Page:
College Algebra - Version [π] Corrected Edition

An introductory text for a college algebra survey course. The material is presented at a level intended to prepare students for Calculus while also giving them relevant mathematical skills that can be used in other classes.

Tag(s): Algebra

Publication date: 04 Jul 2013

ISBN-10: n/a

ISBN-13: n/a

Paperback: 716 pages

Views: 17,420

Type: Textbook

Publisher: Self-publishing

Post time: 12 Aug 2017 04:10:00

College Algebra - Version [π] Corrected Edition

An introductory text for a college algebra survey course. The material is presented at a level intended to prepare students for Calculus while also giving them relevant mathematical skills that can be used in other classes.
Tag(s): Algebra
Publication date: 04 Jul 2013
ISBN-10: n/a
ISBN-13: n/a
Paperback: 716 pages
Views: 17,420
Document Type: Textbook
Publisher: Self-publishing
Post time: 12 Aug 2017 04:10:00
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"Functions First" Approach:
Stitz and Zeager wrote:...A casual glance through the Table of Contents of most of the major publishers’ College Algebra books reveals nearly isomorphic content in both order and depth. Our Table of Contents shows a different approach, one that might be labeled "Functions First." To truly use The Rule of Four, that is, in order to discuss each new concept algebraically, graphically, numerically and verbally, it seems completely obvious to us that one would need to introduce functions first. (Take a moment and compare our ordering to the classic "equations first, then the Cartesian Plane and THEN functions" approach seen in most of the major players.) We then introduce a class of functions and discuss the equations, inequalities (with a heavy emphasis on sign diagrams) and applications which involve functions in that class.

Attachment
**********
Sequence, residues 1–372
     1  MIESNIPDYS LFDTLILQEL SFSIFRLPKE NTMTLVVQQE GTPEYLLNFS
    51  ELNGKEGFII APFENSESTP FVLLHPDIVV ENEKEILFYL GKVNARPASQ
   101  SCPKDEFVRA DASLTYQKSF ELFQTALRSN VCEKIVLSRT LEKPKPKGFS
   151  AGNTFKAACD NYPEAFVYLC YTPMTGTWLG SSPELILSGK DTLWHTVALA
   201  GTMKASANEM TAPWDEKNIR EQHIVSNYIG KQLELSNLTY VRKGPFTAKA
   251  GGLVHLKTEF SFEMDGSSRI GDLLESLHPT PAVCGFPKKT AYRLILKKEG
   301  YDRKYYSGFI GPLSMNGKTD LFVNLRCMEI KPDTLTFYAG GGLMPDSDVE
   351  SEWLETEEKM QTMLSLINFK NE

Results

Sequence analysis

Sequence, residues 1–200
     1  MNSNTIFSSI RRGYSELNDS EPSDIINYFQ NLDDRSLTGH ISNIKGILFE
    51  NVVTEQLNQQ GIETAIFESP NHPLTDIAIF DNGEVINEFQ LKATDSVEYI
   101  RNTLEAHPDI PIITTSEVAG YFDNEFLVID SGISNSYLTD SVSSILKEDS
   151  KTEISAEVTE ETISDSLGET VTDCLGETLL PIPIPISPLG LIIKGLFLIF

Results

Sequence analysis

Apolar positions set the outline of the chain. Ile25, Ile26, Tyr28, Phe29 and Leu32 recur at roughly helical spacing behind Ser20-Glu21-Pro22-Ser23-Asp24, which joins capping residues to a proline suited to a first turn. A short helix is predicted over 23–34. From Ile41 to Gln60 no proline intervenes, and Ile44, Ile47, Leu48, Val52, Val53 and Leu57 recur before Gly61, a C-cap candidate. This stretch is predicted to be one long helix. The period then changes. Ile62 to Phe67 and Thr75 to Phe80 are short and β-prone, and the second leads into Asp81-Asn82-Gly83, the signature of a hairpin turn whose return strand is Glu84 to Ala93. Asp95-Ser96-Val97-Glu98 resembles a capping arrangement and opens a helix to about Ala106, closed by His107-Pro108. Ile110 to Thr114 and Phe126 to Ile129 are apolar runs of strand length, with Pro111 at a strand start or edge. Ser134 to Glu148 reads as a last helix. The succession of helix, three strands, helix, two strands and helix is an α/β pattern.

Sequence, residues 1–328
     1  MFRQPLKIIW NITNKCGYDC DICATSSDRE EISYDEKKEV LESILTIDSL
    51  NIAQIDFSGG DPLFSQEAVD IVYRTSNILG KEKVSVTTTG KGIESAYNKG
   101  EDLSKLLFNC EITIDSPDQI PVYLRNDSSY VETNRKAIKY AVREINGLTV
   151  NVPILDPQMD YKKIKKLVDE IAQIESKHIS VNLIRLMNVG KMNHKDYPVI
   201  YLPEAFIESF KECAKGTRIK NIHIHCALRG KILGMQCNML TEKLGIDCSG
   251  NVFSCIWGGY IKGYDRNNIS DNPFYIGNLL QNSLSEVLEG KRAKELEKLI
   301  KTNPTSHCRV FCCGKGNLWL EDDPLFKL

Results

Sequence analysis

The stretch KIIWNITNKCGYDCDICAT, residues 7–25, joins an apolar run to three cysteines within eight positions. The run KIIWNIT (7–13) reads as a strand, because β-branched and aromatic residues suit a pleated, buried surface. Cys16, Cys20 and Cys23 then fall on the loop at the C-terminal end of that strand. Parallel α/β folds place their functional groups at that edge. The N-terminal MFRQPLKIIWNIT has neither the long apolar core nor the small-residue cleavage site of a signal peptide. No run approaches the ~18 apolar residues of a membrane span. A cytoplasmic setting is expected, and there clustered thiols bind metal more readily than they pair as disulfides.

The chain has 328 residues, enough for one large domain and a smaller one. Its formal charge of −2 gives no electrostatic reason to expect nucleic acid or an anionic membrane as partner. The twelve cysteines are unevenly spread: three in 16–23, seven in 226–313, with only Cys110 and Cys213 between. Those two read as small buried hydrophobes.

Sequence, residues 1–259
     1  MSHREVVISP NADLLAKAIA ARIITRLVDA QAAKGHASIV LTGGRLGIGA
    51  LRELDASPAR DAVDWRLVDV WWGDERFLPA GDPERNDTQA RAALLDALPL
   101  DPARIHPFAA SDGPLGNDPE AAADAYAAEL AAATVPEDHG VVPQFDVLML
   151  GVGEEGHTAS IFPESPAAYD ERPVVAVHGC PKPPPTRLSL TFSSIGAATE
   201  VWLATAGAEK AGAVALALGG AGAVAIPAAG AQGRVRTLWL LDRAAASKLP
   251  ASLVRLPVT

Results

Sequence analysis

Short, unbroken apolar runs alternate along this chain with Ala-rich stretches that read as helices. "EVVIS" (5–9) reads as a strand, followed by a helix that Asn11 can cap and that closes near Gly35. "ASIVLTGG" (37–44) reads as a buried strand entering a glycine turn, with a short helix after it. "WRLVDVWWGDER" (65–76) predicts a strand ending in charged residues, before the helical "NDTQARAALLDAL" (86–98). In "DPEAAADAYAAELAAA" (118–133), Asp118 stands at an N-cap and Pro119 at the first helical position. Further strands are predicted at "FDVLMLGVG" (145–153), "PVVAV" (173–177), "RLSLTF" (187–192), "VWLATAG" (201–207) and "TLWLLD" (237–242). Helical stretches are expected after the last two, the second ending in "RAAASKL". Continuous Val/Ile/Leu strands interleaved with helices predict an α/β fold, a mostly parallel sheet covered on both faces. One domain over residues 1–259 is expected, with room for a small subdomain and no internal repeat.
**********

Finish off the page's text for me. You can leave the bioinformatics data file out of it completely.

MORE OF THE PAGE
Exercises:
Stitz and Zeager wrote:The material is presented at a level that definitely prepares a student for Calculus while giving them relevant Mathematics which can be used in other classes as well. Graphing calculators are used sparingly and only as a tool to enhance the Mathematics, not to replace it. The answers to nearly all of the computational homework exercises are given in the text and we have gone to great lengths to write some very thought provoking discussion questions whose answers are not given. One will notice that our exercise sets are much shorter than the traditional sets of nearly 100 "drill and kill" questions which build skill devoid of understanding. Our experience has been that students can do about 15-20 homework exercises a night so we very carefully chose smaller sets of questions which cover all of the necessary skills and get the students thinking more deeply about the Mathematics involved.

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